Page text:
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Tens of thousands of Hondurans have been in the streets protesting what they see as a stolen election since the Supreme Electoral Tribunal (TSE) announced that the vote totals show current President Juan Orlando Hernandez winning by a little over 1%. There are grounds for their suspicions:


  • The Economist,

    before the election, published an article,

    “Is Honduras Ruling Party Planning to Rig an Election?

    saying that they had a recording of a training session for National Party members who would be manning voting tables at polling places on election day that included 5 methods for rigging votes in favor of the National Party presidential candidate, sitting President Juan Orlando Hernandez.
  • The TSE initially stalled the announcement of voting results an unprecedented 10 hours after the polls had closed, then over the next week experienced what they described as “computer crashes” 3 times, after which the tendency of the votes (the percentage going to each candidate) shifted dramatically in favor of President Hernandez. Before the “crashes”–which caused delays of 5 or more hours–the tendency was a 5% lead for opposition candidate Salvador Nasralla. A TSE member in the first announcement stated that the vote tendency toward Nasralla’s lead was “irreversible,” and that a win for Hernandez would be statistically virtually impossible.

The military, military police, special forces, and national police all have had a heavily armed presence in the streets to shut down the protests and were using live ammunition as well as rubber bullets, tear gas, and water cannons against the crowds as of last week. 8 people have died, many more have serious injuries, and over 500 have been arrested.

Then, in an astonishing event last night, some of the Cobra special forces, later joined by the National Police, announced they were going on strike until the political crisis was resolved. Sovereignty is lodged in the Honduran people, according to the Constitution, and the police stated they were no longer willing to follow orders that expected them to confront and repress the people’s rights (presumably to free speech and assembly). They stressed that what they were doing was not to be considered political, nor a labor complaint, but that they felt they were being asked to do things that violated basic rights. Unfortunately, the military and military police are still in the streets with their U.S.-provided weapons and “counter-insurgency” training.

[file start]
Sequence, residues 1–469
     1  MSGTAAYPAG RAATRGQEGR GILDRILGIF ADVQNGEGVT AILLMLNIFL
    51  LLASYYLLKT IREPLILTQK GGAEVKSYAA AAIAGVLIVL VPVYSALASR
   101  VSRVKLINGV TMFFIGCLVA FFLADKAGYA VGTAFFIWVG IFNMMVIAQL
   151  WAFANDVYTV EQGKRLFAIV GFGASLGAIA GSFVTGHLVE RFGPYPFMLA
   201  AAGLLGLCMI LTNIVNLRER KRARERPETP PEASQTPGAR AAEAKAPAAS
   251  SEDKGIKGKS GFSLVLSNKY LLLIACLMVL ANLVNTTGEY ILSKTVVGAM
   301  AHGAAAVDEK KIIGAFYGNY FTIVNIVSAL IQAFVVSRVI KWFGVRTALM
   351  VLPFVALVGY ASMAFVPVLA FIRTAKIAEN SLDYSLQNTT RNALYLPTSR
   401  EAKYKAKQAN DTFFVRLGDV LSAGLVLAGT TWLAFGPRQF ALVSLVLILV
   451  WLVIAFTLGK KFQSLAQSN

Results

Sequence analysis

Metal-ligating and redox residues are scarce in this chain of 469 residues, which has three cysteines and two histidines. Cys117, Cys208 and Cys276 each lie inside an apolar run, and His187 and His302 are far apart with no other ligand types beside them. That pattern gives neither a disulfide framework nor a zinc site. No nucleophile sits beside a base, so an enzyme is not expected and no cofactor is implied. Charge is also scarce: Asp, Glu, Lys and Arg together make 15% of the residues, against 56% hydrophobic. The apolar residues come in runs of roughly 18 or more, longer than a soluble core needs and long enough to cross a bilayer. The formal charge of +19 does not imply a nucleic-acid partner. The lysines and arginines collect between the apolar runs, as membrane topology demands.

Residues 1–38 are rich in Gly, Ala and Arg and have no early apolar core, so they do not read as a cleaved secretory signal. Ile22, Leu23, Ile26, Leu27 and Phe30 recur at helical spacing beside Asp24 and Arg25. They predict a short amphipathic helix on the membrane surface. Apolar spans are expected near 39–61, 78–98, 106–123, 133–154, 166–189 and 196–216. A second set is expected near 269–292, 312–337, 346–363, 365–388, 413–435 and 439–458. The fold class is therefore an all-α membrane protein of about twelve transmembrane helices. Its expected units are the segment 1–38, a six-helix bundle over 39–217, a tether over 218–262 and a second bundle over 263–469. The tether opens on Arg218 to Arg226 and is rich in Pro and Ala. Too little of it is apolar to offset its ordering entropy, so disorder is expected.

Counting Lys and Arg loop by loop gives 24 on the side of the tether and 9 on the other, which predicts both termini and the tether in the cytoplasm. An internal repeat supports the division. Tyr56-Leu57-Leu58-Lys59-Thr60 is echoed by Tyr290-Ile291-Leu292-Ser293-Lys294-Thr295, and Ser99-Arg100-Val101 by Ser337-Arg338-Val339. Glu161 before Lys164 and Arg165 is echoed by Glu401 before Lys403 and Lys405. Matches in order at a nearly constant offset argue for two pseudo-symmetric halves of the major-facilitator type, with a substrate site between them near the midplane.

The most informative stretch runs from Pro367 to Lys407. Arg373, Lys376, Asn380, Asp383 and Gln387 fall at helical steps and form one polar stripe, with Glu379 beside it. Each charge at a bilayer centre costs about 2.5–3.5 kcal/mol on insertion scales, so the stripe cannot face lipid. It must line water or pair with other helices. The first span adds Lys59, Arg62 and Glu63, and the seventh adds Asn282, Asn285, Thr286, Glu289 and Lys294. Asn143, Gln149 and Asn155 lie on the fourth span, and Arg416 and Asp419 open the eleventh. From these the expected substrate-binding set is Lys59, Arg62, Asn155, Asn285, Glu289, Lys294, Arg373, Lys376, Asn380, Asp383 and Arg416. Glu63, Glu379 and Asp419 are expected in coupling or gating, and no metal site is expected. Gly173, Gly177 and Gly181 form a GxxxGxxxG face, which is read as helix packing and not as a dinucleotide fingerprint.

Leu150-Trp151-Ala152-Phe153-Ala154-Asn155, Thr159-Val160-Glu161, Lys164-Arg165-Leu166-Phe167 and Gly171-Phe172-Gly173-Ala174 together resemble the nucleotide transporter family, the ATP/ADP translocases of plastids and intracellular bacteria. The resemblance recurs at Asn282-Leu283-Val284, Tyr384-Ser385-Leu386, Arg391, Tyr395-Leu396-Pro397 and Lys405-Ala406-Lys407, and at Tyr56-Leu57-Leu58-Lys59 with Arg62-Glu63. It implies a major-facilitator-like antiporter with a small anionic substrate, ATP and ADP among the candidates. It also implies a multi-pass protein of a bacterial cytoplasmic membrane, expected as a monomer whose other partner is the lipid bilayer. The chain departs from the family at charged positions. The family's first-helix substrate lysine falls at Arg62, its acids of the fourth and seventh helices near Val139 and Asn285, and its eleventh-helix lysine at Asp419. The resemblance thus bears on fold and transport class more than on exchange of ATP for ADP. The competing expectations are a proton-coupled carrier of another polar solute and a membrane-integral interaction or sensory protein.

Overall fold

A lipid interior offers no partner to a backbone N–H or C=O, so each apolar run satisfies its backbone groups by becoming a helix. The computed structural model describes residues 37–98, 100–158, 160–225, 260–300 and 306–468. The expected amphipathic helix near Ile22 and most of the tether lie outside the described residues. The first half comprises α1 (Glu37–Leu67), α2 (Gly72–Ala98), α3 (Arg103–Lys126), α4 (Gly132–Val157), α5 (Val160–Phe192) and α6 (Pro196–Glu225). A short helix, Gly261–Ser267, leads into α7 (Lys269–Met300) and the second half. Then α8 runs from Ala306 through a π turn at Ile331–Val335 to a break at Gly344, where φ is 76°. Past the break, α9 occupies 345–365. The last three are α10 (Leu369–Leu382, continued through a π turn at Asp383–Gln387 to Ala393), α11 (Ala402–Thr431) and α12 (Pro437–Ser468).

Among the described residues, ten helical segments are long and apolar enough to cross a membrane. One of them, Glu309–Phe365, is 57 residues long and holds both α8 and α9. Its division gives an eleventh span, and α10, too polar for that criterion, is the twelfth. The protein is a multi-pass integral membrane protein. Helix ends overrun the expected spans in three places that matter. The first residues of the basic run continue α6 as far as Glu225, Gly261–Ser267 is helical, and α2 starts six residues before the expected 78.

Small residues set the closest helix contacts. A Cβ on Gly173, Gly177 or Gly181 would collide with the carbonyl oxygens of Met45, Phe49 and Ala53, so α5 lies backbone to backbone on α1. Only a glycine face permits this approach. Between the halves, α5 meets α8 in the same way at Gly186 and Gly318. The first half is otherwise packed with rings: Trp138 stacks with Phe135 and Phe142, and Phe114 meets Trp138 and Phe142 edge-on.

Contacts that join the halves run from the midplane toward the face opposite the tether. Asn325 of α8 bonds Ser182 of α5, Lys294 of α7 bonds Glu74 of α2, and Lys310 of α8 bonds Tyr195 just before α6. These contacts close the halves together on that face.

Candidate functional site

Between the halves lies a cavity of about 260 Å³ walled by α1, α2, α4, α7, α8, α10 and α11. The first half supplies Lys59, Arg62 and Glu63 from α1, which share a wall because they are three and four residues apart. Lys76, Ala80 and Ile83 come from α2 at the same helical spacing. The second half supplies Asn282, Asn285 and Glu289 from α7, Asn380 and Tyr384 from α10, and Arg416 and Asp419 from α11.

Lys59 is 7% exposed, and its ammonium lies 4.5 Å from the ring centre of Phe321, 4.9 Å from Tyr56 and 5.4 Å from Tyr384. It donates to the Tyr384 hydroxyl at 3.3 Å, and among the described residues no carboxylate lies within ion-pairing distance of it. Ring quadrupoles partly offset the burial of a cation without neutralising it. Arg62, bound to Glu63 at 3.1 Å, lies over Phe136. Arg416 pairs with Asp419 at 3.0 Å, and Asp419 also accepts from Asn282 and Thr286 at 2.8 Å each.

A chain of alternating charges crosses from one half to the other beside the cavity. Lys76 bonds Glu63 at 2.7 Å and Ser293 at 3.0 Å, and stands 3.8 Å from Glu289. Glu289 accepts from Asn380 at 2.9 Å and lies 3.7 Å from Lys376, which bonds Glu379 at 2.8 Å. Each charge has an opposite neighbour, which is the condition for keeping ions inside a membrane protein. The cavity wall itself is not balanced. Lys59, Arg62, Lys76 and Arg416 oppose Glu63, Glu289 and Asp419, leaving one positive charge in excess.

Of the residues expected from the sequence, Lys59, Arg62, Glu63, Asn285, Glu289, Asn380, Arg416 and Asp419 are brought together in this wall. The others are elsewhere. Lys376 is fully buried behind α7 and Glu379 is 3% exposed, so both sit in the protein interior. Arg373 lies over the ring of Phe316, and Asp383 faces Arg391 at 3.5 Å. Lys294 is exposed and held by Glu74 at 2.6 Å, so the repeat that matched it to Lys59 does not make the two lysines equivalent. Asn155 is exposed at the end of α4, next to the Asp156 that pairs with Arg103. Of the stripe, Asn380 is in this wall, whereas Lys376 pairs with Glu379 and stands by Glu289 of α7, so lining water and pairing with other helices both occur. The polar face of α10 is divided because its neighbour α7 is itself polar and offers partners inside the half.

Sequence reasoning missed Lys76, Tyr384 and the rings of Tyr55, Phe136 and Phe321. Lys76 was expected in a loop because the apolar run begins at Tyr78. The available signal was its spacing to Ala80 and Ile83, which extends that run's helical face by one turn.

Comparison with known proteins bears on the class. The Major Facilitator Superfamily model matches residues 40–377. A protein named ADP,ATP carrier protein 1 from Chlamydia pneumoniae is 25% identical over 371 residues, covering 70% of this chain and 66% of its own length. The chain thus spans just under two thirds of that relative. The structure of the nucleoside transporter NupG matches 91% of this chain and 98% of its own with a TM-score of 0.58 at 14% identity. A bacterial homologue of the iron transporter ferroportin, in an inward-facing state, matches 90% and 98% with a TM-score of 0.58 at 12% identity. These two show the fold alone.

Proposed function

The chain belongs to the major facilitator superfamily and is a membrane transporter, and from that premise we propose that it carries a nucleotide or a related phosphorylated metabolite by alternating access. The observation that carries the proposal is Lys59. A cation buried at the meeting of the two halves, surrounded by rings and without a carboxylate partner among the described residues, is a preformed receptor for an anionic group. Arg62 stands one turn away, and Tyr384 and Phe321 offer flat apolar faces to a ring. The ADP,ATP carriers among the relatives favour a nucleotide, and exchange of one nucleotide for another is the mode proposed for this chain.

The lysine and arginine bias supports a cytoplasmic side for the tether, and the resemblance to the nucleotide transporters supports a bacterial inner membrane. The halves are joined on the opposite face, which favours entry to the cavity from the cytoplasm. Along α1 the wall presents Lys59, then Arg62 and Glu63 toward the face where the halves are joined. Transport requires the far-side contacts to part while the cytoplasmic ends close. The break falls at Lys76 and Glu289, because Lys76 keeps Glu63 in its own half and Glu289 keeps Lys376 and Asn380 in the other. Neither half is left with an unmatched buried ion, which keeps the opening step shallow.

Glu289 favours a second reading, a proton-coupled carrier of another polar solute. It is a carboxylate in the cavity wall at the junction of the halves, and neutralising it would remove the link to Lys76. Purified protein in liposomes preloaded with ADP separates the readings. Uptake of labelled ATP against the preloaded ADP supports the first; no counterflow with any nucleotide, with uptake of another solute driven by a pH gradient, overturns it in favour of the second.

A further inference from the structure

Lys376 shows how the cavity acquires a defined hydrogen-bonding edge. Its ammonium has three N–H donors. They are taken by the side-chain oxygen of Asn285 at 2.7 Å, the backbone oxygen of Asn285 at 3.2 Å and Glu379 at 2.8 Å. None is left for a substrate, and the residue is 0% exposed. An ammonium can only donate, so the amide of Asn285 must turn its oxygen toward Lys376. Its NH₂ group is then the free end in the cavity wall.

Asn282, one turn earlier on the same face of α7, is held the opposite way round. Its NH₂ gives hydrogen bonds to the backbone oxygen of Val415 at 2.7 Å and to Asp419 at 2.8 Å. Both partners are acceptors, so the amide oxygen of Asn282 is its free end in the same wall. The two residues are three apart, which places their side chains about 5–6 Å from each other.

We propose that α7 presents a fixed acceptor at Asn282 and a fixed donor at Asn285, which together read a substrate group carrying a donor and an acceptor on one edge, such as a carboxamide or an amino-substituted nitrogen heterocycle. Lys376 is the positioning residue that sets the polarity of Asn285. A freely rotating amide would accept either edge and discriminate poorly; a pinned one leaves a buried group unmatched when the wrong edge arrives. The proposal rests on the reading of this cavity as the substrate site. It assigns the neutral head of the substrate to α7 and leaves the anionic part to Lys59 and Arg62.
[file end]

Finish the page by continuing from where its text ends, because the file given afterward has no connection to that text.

This action of the police must be supported by

renewed calls for a political solution to this crisis, namely a recount of the contested vote tallies with the presence of all political parties and ideally supervised by an independent, international body such as the Inter-American Commission on Human Rights.

While many international organizations have called for such a recount, the U.S. Embassy has not. Further, with ironic timing, the State Department has just certified that Honduras is making improvements in cleaning up corruption and in meeting human rights standards, so that military aid and Alliance for Prosperity funds (much of it designed for security forces to prevent people from migrating to the U.S.) will not be held up.

Please call Senator Durbin’s office (202-224-2152) and Senator Duckworth’s office (202-224-2854) and the office of your Representative (ask to be connected to their office after calling the Captiol Switchboard at 202-2243121) with the following message:


I am concerned that the U.S. says it promotes democracy when, in fact, it is aiding a foreign government that is in the process of conducting election fraud. Right now in Honduras, 9 days after the Honduran people voted in a national election, tens of thousands are in the streets protesting that the Supreme Electoral Tribunal (TSE), appointed by current President Juan Orlando Hernandez, has engaged in fraud in order to give Hernandez more votes.


The protesters have been violently repressed by the military and police, who have killed 8 people and injured many, yet the protests continue. People are saying that this feels like a second coup.


The Organization of American States (OAS) and the European Union have both called for recounts of the contested votes to resolve the crisis, and last night, the National Police went on strike and also called for a resolution of the crisis. Only the U.S. Embassy continues to support the TSE. I am calling on (Senator Durbin or Senator Duckworth or Rep. ____) to make a public statement challenging the State Deparment and Embassy’s position and calling for a vote recount. It should compares the polling place tallies held by representatives of the various political parties with those recorded by the TSE. All political parties should be present and ideally the recount should be supervised by an independent, international body such as the Inter-American Commission on Human Rights. The U.S. should not recognize a new President in Honduras before such a recount, or a new election, takes place.

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